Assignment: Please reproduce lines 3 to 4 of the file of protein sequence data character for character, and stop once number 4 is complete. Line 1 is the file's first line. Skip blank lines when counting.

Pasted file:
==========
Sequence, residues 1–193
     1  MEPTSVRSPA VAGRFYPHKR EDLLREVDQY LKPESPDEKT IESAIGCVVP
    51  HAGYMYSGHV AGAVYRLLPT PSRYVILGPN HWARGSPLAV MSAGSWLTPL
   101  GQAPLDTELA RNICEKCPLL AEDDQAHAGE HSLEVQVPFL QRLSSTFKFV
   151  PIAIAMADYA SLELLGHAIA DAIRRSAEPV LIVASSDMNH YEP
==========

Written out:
    51  HAGYMYSGHV AGAVYRLLPT PSRYVILGPN HWARGSPLAV MSAGSWLTPL
   101  GQAPLDTELA RNICEKCPLL AEDDQAHAGE HSLEVQVPFL QRLSSTFKFV